All of us talk about the challenges that our schools face and the challenges that our children face, but oftentimes we neglect having found a real-life solution here in Jamaica. Having seen how the School Wide Positive Behaviour Intervention and Support (SWPBIS) framework has reduced fights and raised grades among 56 pilot schools, it is now a no-brainer for the Ministry of Education to roll out across all Jamaican schools.
Asking children to define positive behavior, and to reward that, is much more effective than to criticize poor behaviour. I found that as a student myself and I see it again reinforced as a father to a four-year-old son whose goal in life is to ensure that he gets his stars from his teacher!
Moving up to primary and high school levels, SWPBIS provides schools with a framework to similarly motivate students. Schools are empowered to adapt this framework according to their situation and what best fits their needs.
I do acknowledge where we have difficulties and a lot of our children do come from very troubled situations. But we have determined as a ministry that when we have the data that convinces us that something works, then let’s go with what works!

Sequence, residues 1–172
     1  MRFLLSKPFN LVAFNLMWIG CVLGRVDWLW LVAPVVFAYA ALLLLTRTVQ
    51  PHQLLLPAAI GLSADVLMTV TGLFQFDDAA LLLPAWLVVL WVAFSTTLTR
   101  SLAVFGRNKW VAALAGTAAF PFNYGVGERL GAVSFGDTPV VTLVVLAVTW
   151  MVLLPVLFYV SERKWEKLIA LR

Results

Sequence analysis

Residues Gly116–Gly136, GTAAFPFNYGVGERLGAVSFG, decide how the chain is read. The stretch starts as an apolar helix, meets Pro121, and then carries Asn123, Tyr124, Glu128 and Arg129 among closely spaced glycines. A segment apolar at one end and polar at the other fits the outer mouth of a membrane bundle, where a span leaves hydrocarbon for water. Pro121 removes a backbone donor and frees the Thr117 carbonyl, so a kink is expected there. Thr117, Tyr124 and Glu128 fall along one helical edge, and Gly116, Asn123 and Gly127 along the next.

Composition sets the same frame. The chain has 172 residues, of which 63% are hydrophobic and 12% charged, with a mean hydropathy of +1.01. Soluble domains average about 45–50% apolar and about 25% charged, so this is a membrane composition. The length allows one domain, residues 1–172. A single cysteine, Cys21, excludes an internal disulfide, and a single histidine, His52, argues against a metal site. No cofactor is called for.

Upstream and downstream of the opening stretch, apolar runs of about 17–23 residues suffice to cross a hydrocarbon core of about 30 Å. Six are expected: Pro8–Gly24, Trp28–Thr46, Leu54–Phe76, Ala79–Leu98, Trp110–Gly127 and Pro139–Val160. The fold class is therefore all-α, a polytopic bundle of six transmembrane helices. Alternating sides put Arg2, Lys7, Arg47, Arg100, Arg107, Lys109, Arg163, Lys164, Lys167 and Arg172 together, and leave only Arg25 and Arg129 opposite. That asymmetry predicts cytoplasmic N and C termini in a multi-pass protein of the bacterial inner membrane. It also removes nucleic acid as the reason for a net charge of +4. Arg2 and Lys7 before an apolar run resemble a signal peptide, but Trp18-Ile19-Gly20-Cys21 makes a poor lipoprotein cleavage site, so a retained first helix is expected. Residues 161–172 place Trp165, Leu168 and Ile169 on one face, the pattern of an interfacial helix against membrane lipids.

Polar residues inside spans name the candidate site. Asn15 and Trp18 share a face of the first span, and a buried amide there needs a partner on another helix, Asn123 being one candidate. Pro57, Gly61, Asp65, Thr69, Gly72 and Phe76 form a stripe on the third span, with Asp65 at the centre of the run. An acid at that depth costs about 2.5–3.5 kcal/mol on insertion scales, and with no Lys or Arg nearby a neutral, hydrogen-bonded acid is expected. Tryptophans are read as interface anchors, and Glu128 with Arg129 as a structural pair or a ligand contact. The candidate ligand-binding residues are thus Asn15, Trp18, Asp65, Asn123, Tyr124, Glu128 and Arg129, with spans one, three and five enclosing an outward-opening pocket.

We are taking the approach that we want buy-in from schools because we don’t want it to be that schools are forced to take on an intervention. We have seen that SWPBIS has worked best where the school and its community have fully realized the African proverb ‘It takes a village to raise a child’ and involved not just teachers and students but also parents and at Albert Town High School, even the loader man at the local bus park.
We want schools to look around at the students, and what impacts them outside the school walls, and see how the framework can best help them learn – and teachers to teach!
It has been thanks to the support of our partner, UNICEF, that we’ve been able to pilot SWPBIS in Jamaica. It has been a very real, a very holistic partnership. One of the reasons that we have come here day, in fact, is that SWPBIS aligns with our policy. But mostly we have come because we want to align not only with talk but with budget, and so we are making provisions – because as we know, like all international funding, it will come to an end.
What SWPBIS offers us today in Jamaica is an opportunity to really focus on getting our children to learn and emulate the kinds of positive values and behaviours we all want to see them grow up with. This could do wonders for us as a nation, particularly as we seek to address our challenges with violence. We need everyone – students, teachers, parents and entire school communities – to work together in this direction, for the good of our children.